BTW, thanks to Peter Schow for helping me with this problem on the OpenSolaris help forum

Tuesday Sep 30, 2008

Storage Networking Dictionary

When I attended the SNIA conference last week, I was fortunate to pick up a hardcopy of their 2008 dictionary.  It is a really exhaustive list and a good reference. 

Here's the online version:

I was nice to see that Sun is one of the sponsors that make the dictionary possible.

Tuesday Sep 23, 2008

SNIA Conference: Day Two

It's been a long day listening to talks about the emergence of flash memory, cloud computing, open source storage solutions, and general purpose storage servers.  My favorite talk was by Art Licht, who is a principal engineer at Sun.

His presentation, General Purpose Storage Servers, talked about how it is becoming increasingly difficult to tell storage boxes and servers apart.  In fact, by using OpenSolaris and ZFS, companies can create much-less expensive storage than what is currently being provided by proprietary storage solutions.  And, in most cases, the performance and reliability are better!

And, this solution doesn't mean you have to buy Sun hardware, although we hope you do.  OpenSolaris runs on Intel and AMD-based machines...really, it's true! 

Oh, BTW, here's a link to the caricature of me drawn by Doug Shannon during the OpenSolaris Summit on Sunday.  I'm the one on the right, top row.  Not pretty....

Monday Sep 22, 2008

At the SNIA Conference

I'm in Santa Clara right now attending the Storage Networking Industry Association (SNIA) conference.  It's a chance for storage developers from all over the industry to get together and share what's happening.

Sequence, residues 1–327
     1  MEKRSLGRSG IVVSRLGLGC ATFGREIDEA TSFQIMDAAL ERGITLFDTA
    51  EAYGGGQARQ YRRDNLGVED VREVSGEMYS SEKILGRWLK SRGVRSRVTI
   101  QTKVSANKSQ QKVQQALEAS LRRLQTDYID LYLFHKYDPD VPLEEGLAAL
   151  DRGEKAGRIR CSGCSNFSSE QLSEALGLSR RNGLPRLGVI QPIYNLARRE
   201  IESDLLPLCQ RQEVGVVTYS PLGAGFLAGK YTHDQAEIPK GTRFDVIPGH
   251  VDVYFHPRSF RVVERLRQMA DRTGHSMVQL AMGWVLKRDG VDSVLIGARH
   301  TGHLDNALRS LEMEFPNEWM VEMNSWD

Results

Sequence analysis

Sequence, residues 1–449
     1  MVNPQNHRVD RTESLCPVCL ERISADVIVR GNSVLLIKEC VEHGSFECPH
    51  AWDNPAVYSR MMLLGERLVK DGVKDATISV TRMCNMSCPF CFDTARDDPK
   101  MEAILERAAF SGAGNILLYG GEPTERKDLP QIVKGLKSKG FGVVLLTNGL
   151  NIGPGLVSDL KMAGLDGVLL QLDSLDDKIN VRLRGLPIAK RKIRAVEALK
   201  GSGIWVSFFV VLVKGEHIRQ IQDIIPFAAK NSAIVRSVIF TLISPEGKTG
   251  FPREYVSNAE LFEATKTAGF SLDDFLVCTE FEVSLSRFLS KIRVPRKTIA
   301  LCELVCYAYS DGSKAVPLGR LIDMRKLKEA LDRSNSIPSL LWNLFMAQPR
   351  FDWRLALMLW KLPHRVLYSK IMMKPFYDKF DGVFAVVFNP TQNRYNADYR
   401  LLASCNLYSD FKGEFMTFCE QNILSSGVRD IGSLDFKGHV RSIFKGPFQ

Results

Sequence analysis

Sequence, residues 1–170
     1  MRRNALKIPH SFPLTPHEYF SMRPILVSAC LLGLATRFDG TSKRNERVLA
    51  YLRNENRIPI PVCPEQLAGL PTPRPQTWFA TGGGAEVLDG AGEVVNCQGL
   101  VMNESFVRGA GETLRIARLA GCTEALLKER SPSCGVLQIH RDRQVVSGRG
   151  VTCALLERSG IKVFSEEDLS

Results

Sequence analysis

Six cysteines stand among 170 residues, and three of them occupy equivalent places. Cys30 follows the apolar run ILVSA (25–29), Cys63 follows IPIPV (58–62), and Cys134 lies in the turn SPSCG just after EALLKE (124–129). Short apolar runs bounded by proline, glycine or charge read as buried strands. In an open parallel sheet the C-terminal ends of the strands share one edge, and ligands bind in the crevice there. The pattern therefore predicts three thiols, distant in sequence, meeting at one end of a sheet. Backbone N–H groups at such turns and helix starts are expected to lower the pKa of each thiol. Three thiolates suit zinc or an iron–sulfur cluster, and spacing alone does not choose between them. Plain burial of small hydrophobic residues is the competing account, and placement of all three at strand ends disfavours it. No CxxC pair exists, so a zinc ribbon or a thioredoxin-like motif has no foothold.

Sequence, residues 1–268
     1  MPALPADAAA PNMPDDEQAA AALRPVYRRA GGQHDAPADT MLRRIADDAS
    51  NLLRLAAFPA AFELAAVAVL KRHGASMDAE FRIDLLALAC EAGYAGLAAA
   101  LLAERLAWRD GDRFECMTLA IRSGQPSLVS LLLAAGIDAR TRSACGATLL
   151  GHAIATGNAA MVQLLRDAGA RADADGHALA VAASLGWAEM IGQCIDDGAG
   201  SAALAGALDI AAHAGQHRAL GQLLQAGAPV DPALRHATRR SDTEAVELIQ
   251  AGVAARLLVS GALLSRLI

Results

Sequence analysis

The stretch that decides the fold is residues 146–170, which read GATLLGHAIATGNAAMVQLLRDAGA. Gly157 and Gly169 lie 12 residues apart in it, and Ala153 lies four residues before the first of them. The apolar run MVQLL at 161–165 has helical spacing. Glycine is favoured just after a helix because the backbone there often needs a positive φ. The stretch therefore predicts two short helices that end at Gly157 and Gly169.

On Sunday, the day before the conference, Sun hosted an OpenSolaris Storage Summit and around 100 folks attended.  One interesting note is that we used a wiki for the summit registration, and it worked out really well.  After a day of talks about OpenSolaris storage technology, not only from Sun but from the community, we had a very fun island-themed party. Since I work from home most of the time, it's great to get out of my basement and meet a bunch of people face-to-face...both from Sun and from other companies.  

One of the most interesting presentations during the Summit was from Paddy Sreenivasan, who talked about the work being done on Amanda for OpenSolaris.  According to their website, Amanda is the most popular open source backup and recovery software in the world. The Amanda community is using OpenSolaris and ZFS, which is a great example of how open source communities can work together.  I plan to learn more about Amanda and how they manage their enterprise and community deliveries.

Wednesday Aug 06, 2008

Open Work, Keeping Fit, and Lawn Care

I've been participating in Sun's Open Work program now for about 4 years.  I used to live in Colorado and worked at Sun's Broomfield campus, but I wanted to be closer to my extended family as I started my own family.  And, Sun's work-from-home program allowed me to do just that.

Two kids later, I am still enjoying the benefits of working from home and it has really worked well for me.  There are a number of advantages about working from home, but one downside is the tendency to keep working through the day without ever leaving the house...or your chair.  This is bad for both your mental and physical health.

Another problem I have is that my lawn is getting out of control.  The weeds outnumber the blades of grass and it's starting to become kind of embarrassing. 

So, to combat these multiple problems, I'm going to start a new lawn care fitness routine.  Every day, I'm going to try to take 30 minutes out of my day to go outside and do yard work.  I'll get some exercise, get some fresh air, clear my head, and start making my yard look better.